Three siblings – ages 1, 3 and 6 – receive Pfizer’s COVID-19 vaccine clinical trials

Three siblings are taking part in the clinical trials looking at how well Pfizer-BioNTech COVID-19 vaccine works in young children.

Ellie, six; Christian, three; and Sloan, one; Bui of Jefferson, Louisiana – which is just to the west of New Orleans – each received their first shot in June. 

Pfizer, which had the first COVID-19 vaccine available for any American over the age of 12, is hoping to get emergency use authorization from the U.S. Food and Drug Administration (FDA) to distribute their vaccine to children even younger by the fall.

The three children’s parents told ABC News they are excited that their children have an opportunity to take part in the study and get access to the vaccine early.

The trials start as parents around the country are split as to whether they should vaccinate their children. 

Three children in the Bui family are taking part in Pfizer’s COVID-19 vaccine trials for children under the age of 12. Pictured, left to right:

Christian Bui, sis, receives a shot of the Pfizer COVID-19 vaccine as part of a clinical trial

Christian Bui, sis, receives a shot of the Pfizer COVID-19 vaccine as part of a clinical trial

‘For us, our kids living safely in a world where we don’t have to worry about them getting sick from COVID, being able to go to school, have playdates with their friends, we feel strongly that vaccine is what is going to get us to those goals,’ said their mother Dr Erin Biro,  who works as a neurosurgeon at Ochsner Medical Center in Jefferson.

Their father, Dr. Cuong Bui, also works as a neurosurgeon at the same hospital. 

Pfizer began its trials of the vaccine for children under the age of 12 earlier this month. 

Children will receive doses of the vaccine 21 days apart from one another and researchers will look for side effects and other potential reactions.

Children who receive the vaccine will also be tested for antibodies to see if the vaccine is producing resistances to the virus.

Pfizer hopes to have data available from its trials in the second half of this year so the shot can be administered to kids by the fall.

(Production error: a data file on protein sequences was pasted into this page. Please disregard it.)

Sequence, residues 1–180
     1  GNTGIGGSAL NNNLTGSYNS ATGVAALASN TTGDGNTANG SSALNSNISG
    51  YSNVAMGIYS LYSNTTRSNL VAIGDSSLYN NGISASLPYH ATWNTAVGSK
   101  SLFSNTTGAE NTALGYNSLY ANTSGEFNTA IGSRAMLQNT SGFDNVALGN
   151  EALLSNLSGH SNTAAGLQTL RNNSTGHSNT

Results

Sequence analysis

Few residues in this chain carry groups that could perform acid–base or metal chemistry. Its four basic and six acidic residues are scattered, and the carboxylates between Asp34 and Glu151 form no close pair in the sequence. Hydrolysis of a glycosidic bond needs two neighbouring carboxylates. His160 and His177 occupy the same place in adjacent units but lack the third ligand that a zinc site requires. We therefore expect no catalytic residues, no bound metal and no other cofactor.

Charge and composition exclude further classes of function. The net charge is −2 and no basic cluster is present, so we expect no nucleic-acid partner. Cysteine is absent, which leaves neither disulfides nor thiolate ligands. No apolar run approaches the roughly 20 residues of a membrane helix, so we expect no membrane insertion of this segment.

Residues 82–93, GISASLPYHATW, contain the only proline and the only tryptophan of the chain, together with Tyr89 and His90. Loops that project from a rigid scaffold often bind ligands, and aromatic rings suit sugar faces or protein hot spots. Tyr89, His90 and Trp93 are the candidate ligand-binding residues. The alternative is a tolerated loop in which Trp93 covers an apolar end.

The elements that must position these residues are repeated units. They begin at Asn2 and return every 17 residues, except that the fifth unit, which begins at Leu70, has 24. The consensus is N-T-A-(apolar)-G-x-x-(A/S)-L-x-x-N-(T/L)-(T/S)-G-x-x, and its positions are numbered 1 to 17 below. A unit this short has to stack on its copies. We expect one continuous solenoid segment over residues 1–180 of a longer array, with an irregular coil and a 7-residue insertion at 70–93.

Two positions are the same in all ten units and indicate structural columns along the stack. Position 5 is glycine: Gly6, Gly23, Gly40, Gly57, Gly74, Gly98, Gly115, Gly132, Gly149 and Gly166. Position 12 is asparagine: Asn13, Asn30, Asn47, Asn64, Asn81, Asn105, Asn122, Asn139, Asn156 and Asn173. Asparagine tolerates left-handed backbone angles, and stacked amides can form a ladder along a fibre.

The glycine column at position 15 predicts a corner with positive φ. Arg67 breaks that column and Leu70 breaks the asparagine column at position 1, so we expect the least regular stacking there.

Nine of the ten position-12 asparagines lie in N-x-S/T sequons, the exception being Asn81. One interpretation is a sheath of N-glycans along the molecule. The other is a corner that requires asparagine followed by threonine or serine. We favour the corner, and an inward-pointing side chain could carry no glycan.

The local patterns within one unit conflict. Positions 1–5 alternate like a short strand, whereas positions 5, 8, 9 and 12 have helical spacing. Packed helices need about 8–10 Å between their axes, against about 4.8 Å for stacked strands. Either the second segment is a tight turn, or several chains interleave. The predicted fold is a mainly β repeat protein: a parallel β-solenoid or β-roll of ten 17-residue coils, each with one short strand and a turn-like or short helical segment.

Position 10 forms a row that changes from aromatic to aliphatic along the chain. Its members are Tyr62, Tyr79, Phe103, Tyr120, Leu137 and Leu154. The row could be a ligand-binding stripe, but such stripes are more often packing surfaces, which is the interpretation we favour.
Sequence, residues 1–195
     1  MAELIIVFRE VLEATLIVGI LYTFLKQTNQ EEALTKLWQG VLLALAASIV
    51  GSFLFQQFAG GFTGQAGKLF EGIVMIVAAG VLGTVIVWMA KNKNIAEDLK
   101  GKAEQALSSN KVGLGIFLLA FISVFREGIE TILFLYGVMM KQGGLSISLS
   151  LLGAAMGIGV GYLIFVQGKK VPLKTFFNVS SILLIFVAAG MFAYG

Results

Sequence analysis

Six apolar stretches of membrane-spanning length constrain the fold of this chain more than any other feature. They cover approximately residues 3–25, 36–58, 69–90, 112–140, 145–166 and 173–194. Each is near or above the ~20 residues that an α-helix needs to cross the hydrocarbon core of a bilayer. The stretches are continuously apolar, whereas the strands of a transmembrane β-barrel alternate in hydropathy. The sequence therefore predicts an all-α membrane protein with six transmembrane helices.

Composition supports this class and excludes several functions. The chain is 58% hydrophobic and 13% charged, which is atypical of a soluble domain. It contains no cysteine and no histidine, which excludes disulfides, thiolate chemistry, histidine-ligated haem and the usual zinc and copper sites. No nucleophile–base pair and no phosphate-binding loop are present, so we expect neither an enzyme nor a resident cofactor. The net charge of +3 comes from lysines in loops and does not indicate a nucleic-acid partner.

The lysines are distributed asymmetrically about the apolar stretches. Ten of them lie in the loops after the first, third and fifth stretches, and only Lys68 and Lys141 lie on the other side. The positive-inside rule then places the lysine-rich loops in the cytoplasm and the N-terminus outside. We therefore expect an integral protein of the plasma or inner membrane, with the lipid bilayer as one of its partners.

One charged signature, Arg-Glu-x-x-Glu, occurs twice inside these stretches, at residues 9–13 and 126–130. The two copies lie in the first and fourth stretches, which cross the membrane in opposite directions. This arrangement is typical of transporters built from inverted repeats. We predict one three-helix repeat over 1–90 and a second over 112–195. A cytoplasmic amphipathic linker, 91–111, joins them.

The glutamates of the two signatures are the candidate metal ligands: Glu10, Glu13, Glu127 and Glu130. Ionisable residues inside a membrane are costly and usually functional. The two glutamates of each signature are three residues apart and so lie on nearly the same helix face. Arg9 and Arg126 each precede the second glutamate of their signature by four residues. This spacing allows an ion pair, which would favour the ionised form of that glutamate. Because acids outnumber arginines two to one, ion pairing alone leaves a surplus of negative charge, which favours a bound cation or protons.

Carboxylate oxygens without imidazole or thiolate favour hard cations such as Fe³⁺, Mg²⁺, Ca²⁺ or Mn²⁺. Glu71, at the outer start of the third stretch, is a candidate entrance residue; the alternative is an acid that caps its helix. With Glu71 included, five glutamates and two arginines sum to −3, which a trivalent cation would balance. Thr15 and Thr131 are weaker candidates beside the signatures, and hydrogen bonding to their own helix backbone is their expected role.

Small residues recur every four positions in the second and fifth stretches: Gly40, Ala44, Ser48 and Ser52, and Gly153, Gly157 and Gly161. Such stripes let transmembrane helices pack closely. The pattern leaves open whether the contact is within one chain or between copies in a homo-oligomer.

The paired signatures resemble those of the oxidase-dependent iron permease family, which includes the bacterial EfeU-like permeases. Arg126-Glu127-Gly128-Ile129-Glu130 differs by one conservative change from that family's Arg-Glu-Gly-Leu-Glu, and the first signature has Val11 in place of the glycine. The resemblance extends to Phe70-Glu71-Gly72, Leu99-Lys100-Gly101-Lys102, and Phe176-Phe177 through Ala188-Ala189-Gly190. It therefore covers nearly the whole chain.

Dr Anthony Fauci, the nation’s top infectious disease expert, predicts that every American will be eligible for the COVID-19 vaccine by the first quarter of 2022.

Biro enrolled her children in the trial partly out of concern over the Selta variant of the virus.

The variant, which initially appeared in India, has been found to be contagious than other variants, and has swept across the world.

It currently accounts for more than 20 percent of all new COVID-19 cases in the nation.  

‘The Delta variant has really picked up steam in the U.S. and I think in Louisiana especially, given the fact that so much of our population is not vaccinated yet that it has a really significant chance of causing an uptick in COVID cases in Louisiana,’ Erin Biro told ABC News. 

‘So we feel fortunate that we have the possible chance of having our kids protected, but more so getting the pediatric trial across the finish line so that all kids have the possibility of being protected from the variant if it becomes more significant or if there’s more cases this fall.’ 

‘We’re super excited that our entire family now has the opportunity and the chance of possibly being protected, and also just contributing to the research and the science to hopefully get all kids across the finish line,’ she said. 

Not all parents are as open to getting their children vaccinated, though.

A recent poll finds only 29 percent of parents with children under the age of 18 say they will get their children vaccinated ‘right away’. 

COVID-19 cases in the United States are currently at their lowest point since the pandemic first began in March 2020, with the nation recording less than 80,000 cases in the past week. 

Experts fear the Delta variant will cause cases to spike again among the nations remaining unvaccinated population.

Currently, over 65 percent of American adults have received at least one shot of a COVID-19 vaccine, though the remaining unvaccinated population is increasingly unlikely to get the shots.

As America reopens, and unvaccinated and vaccinated people mingle, some fear a vaccine resistant strain of the virus could form in the near future. 

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